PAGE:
For anyone who has studied Guantánamo’s military commissions closely over the last eight years, it was obvious that their revival last week, in a supposedly new and improved form, was bound to be a disaster.
First dragged out of obscurity in November 2001 by Dick Cheney and his close advisers, specifically to secure the convictions of “terror suspects” in a system designed to allow evidence obtained through the use of torture, the commissions failed twice before their recent reincarnation. In June 2006, the Supreme Court ruled that they violated both the Geneva Conventions and the Uniform Code of Military Justice, and when they were revived by Congress later that year (with torture banned, but coerced evidence allowed at the discretion of the judges), they then stumbled from one disaster to another from March 2007 until January 2009, when President Obama suspended them.
Throughout that time, they secured only three contentious results, and were publicly undermined by their own military defense attorneys. On two other occasions, they were rocked even more fundamentally: In October 2007, when the chief prosecutor, Col. Morris Davis, resigned, complaining that the entire process was subjected to political interference, and in September 2008 when another prosecutor, Lt. Col. Darrel Vandeveld, resigned because he discovered that the system was incapable of delivering justice.
President Obama’s freeze on proceedings on his first day in office should have been the end of the story, and he should have had the courage to realize that federal courts – with their long and successful history of prosecuting cases related to terrorism – were the only valid venues for trials. Instead, he turned his back on his own pledges on the campaign trail, and his opposition to the Military Commissions Act as a senator in 2006, and, with the support of Congress, tinkered once more with the commissions’ rules, tightening the restrictions on the use of hearsay and coerced evidence, but neglecting to introduce either a lower age limit for those who can be charged or a sunset clause in case it all went horribly wrong.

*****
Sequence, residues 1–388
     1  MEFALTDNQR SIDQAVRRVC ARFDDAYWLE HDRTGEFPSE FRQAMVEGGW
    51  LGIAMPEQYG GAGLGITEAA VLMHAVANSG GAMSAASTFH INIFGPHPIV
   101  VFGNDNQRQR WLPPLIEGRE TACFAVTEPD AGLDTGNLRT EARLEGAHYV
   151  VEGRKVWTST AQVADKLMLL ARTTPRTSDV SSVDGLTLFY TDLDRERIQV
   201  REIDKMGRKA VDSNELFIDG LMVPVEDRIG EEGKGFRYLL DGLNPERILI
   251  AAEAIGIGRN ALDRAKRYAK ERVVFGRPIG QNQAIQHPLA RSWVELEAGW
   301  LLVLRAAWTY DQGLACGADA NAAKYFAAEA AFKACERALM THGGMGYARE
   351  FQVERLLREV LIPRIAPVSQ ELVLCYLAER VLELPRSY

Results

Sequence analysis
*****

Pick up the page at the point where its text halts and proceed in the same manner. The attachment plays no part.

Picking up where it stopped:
Last week, when the new rules were tested on Ibrahim al-Qosi, a Sudanese prisoner who was first charged in February 2004, was charged again in February 2008 and is one of the first five prisoners charged by the Obama administration, the hearing began in chaos and confusion, and never recovered. In a demonstration of the kind of lack of attention to detail for which the Bush administration was notorious, and which left the military judges fumbling for answers, the judge, Air Force Lt. Col. Nancy Paul, was immediately confronted by a fundamental problem that, bizarrely, no one appeared to have seen on the horizon.
Under the Bush administration, for prisoners to be eligible to face trials by military commission, they had to have been subjected to a Combatant Status Review Tribunal, and to have been designated as an “unlawful enemy combatant.” Under the Mk. 3 Commissions, however, they are referred to as “alien unprivileged enemy belligerents.” The Washington Post explained that this description was “more in line with the Geneva Conventions,” according to military prosecutors, but no one had thought to inquire whether the change would be acceptable to the judge, and although Lieutenant Colonel Paul did accept it, noting that it was “specifically authorized under the MCA of 2009,” she was in no mood to do so without allowing a challenge from al-Qosi’s defense team.